475. Memorandum From the Director of the Office of Southeast Asian Affairs (Kocher) to the Assistant Secretary of State for Far Eastern Affairs (Robertson)1


  • Sarit Visit (For Possible Use at Secretary’s Staff Meeting)

Field Marshal Sarit Thanarat, Supreme Commander of the Thai Armed Forces, who is Thailand’s chief leader in fact but not in title, has returned from Florida where he was convalescing from a successful operation performed at Walter Reed Army Hospital. He has been authorized by the Thai Government to confer with U.S. officials on means of strenthening Thai-U.S. cooperation, particularly in the economic and military fields. He made a well publicized courtesy call on the President on May 7 and will see the Secretary on May 14. Thereafter we plan that Sarit should see you, Mr. Dillon, Mr. George V. Allen of USIA, and we expect that he will arrange to see Mr. Allen Dulles and high Defense Department officials.

On the basis of Sarit’s statements at the White House and other indications we believe he will emphasize Thailand’s continued close association with SEATO and opposition to Communism, and ask for additional economic aid, especially for northeast Thailand, and also for more military assistance, particularly budgetary support for the Thai Armed Forces. Aside from the question of whether it is desirable to identify U.S. aid programs with an individual leader, there is no apparent source of funds for a generous gesture toward Sarit in terms of additional U.S. aid which might properly be extended to Thailand. The only gesture now planned by the Department is the announcement of a decision to furnish Thailand cobalt teletherapy equipment requested some time ago for treatment of cancer. At the same time, Defense is considering whether any of the military requests Sarit is likely to make will be considered favorably.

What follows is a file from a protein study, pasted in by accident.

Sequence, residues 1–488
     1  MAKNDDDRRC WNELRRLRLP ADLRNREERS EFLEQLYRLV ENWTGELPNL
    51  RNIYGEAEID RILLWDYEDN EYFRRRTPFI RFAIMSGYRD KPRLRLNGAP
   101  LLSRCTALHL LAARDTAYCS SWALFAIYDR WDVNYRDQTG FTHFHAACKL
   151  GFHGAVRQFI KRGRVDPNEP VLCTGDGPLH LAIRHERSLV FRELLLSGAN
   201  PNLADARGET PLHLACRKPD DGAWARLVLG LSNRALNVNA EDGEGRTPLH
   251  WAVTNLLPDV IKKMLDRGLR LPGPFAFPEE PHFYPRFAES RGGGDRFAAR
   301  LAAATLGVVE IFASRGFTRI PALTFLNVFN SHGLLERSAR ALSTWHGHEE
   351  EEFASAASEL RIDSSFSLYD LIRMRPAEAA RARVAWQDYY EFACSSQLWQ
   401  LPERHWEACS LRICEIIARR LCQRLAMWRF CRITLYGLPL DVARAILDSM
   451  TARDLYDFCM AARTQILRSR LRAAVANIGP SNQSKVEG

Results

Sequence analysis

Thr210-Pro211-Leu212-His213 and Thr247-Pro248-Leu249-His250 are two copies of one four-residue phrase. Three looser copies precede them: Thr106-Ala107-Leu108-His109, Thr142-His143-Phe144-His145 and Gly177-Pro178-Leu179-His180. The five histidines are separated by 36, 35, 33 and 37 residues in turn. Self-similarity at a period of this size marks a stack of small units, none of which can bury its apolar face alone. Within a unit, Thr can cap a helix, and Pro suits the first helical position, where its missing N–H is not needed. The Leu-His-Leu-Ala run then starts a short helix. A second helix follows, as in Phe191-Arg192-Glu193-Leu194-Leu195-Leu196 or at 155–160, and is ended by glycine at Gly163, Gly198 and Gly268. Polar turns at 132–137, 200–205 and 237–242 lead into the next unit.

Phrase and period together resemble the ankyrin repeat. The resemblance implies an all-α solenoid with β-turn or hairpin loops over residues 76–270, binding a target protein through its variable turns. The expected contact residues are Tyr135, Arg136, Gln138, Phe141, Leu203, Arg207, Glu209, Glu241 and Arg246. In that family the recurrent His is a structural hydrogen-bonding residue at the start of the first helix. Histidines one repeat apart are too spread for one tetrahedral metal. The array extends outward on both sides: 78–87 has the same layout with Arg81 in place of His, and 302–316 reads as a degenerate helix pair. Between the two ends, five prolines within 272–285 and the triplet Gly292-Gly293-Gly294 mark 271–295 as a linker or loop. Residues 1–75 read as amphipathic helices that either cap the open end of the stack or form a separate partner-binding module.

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Because of much publicity in the Bangkok press regarding Sarit’s alleged intention of asking for more aid to help Thailand out of its present budgetary difficulties, his reputation is involved in this matter to a considerable extent. It will be necessary to handle him most tactfully if his trip—so far successful in terms of his personal health— is not to lay the foundation for doubts and criticism regarding the U.S. which his leftist confidants undoubtedly wish to promote.

  1. Source: Department of State, Central Files, 792.5811/5–758. Confidential.